1932

Abstract

The classic density-functional theory (DFT) formalism introduced by Hohenberg, Kohn, and Sham in the mid-1960s is based on the idea that the complicated -electron wave function can be replaced with the mathematically simpler 1-electron charge density in electronic structure calculations of the ground stationary state. As such, ordinary DFT cannot treat time-dependent (TD) problems nor describe excited electronic states. In 1984, Runge and Gross proved a theorem making TD-DFT formally exact. Information about electronic excited states may be obtained from this theory through the linear response (LR) theory formalism. Beginning in the mid-1990s, LR-TD-DFT became increasingly popular for calculating absorption and other spectra of medium- and large-sized molecules. Its ease of use and relatively good accuracy has now brought LR-TD-DFT to the forefront for this type of application. As the number and the diversity of applications of TD-DFT have grown, so too has our understanding of the strengths and weaknesses of the approximate functionals commonly used for TD-DFT. The objective of this article is to continue where a previous review of TD-DFT in Volume 55 of the left off and highlight some of the problems and solutions from the point of view of applied physical chemistry. Because doubly-excited states have a particularly important role to play in bond dissociation and formation in both thermal and photochemistry, particular emphasis is placed on the problem of going beyond or around the TD-DFT adiabatic approximation, which limits TD-DFT calculations to nominally singly-excited states.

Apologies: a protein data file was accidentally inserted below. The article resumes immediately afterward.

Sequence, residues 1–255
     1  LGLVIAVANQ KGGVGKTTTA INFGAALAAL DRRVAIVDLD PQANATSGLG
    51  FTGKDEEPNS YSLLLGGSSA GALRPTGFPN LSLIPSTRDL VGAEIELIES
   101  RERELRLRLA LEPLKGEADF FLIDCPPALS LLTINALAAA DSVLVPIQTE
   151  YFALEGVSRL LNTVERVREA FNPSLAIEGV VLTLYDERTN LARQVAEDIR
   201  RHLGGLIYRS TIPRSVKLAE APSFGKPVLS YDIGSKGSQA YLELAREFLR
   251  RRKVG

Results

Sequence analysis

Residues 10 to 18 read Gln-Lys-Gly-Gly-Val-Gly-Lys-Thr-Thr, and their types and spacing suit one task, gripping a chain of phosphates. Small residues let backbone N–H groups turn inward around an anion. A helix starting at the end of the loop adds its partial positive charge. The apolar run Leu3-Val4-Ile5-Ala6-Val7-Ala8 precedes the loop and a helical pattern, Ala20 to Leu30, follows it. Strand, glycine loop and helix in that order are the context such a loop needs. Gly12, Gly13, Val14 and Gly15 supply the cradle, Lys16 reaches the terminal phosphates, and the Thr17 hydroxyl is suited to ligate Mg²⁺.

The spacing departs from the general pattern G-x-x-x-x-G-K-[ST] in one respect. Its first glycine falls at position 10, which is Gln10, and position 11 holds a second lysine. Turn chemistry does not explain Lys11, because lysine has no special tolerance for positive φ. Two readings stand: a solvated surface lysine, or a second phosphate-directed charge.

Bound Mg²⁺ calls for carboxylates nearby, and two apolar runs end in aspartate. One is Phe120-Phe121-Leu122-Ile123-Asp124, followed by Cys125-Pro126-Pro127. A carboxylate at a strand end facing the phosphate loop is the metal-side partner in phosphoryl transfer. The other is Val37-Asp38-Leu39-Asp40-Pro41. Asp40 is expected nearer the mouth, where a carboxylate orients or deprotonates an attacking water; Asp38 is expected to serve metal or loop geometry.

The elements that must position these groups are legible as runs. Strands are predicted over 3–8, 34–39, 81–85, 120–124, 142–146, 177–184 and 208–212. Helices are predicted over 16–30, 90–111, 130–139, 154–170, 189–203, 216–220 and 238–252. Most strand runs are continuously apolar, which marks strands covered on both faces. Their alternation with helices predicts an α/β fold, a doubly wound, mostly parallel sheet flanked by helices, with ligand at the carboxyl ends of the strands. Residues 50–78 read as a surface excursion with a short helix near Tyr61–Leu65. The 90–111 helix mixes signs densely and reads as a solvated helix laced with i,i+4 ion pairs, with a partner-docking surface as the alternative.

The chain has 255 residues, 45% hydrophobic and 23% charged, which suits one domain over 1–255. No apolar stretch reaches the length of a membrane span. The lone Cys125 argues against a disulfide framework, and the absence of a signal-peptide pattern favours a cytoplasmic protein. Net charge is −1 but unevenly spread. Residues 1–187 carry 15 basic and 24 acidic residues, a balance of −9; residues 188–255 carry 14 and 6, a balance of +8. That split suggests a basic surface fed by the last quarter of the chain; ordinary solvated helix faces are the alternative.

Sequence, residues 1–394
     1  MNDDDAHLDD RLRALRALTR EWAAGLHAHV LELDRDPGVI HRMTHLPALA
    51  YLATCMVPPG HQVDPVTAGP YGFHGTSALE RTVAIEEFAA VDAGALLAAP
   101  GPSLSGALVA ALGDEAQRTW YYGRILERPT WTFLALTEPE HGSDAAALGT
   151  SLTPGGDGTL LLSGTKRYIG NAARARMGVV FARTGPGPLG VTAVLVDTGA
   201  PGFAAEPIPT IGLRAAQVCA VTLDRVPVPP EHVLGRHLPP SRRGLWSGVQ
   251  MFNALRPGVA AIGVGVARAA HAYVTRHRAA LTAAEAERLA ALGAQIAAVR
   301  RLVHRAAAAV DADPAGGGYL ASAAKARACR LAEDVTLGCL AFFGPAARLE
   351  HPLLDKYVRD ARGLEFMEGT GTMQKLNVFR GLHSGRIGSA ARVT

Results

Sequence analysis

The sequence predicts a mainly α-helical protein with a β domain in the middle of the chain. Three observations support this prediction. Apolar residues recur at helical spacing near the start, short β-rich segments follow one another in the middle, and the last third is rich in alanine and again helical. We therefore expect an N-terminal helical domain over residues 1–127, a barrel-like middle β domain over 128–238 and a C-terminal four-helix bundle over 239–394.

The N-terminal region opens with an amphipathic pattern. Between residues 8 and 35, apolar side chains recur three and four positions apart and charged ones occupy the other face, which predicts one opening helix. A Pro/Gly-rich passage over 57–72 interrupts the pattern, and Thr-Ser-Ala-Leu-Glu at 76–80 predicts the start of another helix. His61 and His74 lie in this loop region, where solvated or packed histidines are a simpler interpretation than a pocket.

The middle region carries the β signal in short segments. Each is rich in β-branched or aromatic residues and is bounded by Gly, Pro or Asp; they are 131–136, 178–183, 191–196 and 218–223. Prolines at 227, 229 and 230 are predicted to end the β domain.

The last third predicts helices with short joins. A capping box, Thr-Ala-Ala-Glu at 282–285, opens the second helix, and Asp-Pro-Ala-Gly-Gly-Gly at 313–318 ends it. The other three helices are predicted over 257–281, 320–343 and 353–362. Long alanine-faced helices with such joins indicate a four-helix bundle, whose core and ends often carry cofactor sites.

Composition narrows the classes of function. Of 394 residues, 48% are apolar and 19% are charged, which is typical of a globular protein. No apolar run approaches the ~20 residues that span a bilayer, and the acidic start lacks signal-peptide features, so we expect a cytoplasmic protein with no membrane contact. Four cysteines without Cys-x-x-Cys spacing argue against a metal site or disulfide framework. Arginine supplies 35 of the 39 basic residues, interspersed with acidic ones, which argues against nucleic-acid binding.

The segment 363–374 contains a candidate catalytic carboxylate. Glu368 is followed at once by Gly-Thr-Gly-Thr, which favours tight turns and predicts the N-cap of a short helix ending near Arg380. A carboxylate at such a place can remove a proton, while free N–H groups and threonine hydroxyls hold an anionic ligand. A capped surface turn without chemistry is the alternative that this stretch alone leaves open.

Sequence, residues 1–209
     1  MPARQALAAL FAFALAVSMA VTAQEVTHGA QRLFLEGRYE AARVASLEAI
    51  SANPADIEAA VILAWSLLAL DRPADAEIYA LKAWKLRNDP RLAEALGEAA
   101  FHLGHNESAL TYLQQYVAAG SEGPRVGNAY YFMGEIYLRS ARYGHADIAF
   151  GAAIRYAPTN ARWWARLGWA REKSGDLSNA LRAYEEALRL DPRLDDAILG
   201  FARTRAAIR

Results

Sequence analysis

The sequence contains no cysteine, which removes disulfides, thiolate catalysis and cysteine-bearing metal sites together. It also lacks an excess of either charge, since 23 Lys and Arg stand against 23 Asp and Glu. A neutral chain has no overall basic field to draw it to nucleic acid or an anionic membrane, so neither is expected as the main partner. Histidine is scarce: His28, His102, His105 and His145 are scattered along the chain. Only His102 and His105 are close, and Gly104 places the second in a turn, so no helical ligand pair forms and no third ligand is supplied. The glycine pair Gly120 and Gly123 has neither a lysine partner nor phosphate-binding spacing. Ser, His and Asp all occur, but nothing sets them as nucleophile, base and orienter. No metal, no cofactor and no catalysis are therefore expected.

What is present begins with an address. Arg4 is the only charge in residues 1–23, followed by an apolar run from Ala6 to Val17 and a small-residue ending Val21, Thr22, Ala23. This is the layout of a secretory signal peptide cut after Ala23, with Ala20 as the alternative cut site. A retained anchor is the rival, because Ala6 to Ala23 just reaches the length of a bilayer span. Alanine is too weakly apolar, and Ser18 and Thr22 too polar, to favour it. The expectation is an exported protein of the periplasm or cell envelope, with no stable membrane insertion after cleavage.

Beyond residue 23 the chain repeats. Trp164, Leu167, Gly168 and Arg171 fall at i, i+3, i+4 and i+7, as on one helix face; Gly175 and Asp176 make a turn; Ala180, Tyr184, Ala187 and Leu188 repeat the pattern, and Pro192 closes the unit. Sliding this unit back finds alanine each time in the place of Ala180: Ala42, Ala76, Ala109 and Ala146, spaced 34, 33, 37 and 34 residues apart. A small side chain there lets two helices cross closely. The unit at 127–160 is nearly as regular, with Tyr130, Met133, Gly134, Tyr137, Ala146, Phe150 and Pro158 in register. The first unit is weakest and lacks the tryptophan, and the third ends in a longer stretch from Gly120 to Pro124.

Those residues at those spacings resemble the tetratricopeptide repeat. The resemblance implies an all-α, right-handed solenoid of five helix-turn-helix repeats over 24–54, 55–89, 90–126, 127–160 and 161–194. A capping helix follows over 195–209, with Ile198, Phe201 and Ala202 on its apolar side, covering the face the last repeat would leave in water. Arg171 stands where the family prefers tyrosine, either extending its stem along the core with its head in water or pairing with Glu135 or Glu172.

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/content/journals/10.1146/annurev-physchem-032511-143803
2012-05-05
2024-06-24
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  • Article Type: Review Article
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